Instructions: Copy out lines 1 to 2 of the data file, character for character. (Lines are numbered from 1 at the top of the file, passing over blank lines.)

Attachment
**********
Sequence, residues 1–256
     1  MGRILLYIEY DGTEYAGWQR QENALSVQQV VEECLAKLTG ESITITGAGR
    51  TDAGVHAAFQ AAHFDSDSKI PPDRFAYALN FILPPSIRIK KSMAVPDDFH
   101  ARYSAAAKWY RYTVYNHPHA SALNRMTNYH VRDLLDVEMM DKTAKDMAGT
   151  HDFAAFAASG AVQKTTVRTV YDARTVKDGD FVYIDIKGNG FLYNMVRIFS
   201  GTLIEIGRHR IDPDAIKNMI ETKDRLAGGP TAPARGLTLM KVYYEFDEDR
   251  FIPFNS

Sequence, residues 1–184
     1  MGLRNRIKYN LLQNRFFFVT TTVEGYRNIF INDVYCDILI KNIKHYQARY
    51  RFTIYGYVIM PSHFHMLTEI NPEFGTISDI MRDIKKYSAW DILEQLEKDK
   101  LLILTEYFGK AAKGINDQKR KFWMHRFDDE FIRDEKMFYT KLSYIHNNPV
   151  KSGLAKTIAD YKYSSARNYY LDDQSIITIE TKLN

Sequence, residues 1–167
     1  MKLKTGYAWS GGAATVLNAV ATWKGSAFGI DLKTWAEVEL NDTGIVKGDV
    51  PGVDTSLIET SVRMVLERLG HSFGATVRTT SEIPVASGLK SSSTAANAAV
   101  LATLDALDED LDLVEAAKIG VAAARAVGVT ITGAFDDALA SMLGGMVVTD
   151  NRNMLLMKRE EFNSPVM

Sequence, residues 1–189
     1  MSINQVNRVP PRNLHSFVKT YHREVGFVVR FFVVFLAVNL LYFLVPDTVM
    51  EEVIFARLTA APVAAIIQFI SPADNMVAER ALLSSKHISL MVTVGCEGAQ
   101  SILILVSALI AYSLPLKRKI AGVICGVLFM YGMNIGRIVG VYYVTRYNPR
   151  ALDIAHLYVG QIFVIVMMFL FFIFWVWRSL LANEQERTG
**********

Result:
Sequence, residues 1–256
     1  MGRILLYIEY DGTEYAGWQR QENALSVQQV VEECLAKLTG ESITITGAGR